Big impacts require stability, sustainability and a strong foundation. Lesson 2 is that the Chamber could not expect to operate another 125 years operating under an antiquated, inefficient business model. We have now shifted internally to operate like success stories within the private sector. Increasing financial transparency, liquidating our assets, growing our reserves and right-sizing the organization has allowed the Chamber to operate much more efficiently internally, so we can best serve our members today and far into the future. Had we not made these significant changes the two years prior to the pandemic, the Chamber would not have been able to react so quickly to the needs of our business members when COVID-19 struck Tucson. The experiences from year one and two of my Chamber tenure created opportunity for change and growth. While change is hard, the decisions made over the last 36 months have allowed us to successfully navigate through the pandemic coming out stronger than ever.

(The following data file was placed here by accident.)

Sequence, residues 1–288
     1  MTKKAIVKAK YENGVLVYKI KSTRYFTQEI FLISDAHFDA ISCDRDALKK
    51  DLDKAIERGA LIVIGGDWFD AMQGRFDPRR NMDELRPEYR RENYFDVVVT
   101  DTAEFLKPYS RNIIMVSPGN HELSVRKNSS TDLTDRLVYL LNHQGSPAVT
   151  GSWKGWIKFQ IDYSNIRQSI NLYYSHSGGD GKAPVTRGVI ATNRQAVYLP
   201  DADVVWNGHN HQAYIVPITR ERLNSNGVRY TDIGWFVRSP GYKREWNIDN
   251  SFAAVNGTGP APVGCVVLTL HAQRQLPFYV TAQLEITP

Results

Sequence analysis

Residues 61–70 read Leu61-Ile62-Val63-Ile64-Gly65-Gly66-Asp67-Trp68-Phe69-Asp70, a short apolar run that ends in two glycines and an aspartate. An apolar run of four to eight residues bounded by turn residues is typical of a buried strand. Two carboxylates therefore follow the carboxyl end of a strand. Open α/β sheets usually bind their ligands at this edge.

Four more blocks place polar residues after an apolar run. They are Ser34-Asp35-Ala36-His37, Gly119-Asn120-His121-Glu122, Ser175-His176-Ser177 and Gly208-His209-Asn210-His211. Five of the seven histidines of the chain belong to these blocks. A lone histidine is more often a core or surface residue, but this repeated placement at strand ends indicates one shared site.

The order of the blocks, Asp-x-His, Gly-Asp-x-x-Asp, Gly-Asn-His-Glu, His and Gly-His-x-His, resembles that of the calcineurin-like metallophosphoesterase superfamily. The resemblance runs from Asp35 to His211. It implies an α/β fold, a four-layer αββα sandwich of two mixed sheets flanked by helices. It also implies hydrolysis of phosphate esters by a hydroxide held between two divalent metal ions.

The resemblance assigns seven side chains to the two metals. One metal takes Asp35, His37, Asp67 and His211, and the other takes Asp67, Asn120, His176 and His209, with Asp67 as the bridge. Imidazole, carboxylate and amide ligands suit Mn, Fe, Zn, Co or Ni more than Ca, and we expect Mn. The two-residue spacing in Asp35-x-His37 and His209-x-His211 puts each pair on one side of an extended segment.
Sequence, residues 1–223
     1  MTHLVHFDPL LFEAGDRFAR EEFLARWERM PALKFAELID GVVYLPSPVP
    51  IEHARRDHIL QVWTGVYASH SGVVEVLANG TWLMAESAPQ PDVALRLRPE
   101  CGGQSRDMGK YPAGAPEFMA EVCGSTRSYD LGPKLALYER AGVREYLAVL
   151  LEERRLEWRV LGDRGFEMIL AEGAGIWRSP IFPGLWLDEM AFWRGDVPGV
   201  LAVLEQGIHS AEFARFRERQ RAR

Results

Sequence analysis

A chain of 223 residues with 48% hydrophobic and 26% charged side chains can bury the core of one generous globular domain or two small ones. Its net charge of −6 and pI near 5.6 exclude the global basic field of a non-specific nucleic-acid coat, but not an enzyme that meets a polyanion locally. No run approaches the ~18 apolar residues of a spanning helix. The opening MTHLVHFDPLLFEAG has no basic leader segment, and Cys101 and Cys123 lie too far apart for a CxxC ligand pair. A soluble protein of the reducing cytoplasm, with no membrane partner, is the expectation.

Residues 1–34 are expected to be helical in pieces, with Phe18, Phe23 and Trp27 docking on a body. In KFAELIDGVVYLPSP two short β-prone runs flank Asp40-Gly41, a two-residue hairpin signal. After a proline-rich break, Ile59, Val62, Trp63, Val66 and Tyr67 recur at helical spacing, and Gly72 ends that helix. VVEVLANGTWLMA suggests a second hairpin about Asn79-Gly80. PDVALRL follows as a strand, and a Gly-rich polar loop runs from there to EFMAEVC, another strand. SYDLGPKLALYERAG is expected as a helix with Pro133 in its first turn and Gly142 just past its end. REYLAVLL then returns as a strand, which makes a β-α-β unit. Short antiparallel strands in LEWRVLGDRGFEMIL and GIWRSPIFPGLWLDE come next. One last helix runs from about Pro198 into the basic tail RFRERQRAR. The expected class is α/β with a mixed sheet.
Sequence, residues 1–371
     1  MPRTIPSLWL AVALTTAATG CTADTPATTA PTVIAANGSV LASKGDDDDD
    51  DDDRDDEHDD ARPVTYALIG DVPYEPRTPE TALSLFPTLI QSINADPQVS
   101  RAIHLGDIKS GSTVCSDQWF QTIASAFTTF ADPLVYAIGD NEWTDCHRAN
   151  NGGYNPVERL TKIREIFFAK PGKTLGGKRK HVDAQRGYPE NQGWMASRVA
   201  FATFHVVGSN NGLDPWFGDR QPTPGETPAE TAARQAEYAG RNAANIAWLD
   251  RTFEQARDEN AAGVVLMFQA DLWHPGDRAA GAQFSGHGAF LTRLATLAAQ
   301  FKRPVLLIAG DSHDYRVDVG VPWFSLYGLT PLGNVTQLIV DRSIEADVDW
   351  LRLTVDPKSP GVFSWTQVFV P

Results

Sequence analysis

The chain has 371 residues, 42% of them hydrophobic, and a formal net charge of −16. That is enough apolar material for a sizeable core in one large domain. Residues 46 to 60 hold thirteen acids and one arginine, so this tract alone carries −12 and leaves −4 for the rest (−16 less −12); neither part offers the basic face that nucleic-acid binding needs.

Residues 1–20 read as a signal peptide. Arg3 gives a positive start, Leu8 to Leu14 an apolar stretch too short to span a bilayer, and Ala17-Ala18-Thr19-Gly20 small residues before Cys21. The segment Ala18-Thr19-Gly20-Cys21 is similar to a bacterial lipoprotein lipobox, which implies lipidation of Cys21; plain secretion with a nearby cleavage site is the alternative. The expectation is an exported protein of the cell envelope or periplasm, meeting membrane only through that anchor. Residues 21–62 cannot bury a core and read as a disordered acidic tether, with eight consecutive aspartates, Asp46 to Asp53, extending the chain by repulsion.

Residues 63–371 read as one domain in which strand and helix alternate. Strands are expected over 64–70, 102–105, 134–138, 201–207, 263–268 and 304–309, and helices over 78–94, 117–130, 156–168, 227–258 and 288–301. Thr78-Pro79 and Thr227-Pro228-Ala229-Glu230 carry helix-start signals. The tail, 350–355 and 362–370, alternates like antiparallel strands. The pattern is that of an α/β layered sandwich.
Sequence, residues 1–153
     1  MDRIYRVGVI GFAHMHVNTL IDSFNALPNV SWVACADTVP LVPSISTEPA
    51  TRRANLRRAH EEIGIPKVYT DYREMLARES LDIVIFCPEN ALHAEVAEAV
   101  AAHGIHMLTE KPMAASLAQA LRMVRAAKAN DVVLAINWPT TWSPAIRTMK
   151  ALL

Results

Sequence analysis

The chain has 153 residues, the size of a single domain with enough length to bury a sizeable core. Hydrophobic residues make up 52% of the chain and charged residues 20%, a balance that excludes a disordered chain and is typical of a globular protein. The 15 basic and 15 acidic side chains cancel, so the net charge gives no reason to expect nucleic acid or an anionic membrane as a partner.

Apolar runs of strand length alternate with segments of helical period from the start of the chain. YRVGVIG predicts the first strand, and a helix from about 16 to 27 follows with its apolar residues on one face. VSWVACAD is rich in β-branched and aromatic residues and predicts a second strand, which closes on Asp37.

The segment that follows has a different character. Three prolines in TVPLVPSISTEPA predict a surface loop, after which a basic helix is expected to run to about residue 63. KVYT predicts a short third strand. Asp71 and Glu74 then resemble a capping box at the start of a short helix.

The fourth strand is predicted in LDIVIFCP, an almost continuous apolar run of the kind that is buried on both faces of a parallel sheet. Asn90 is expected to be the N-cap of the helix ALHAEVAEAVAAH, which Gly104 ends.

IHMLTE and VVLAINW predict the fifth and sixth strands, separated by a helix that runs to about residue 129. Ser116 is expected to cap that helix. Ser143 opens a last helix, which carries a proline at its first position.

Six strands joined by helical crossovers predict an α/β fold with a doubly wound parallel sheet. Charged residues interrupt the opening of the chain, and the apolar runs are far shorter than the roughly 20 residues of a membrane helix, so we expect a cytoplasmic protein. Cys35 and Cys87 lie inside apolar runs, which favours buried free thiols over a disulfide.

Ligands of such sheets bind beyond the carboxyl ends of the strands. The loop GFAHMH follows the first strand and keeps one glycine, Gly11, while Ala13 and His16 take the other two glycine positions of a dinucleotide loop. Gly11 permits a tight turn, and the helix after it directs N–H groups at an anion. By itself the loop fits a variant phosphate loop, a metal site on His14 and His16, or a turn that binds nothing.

The 90 experiences over the past three years showcased the most important lesson learned. The Chamber and our successes and evolution are not the results of only me. The Chamber reflects a unified group of individuals and entities collectively working toward the same goals. Ultimately, the entire staff, Board of Directors, our engaged members and those investing in the organization drive the results we want from policy to workforce development to making those critical connections necessary in business. At 1400 members strong, the coalition of businesses within the Chamber is the true strength of the organization. It is not one person’s work and vision but rather everyone working collectively together. That is the true strength of the Chamber. Its members. Our businesses. Working together as one.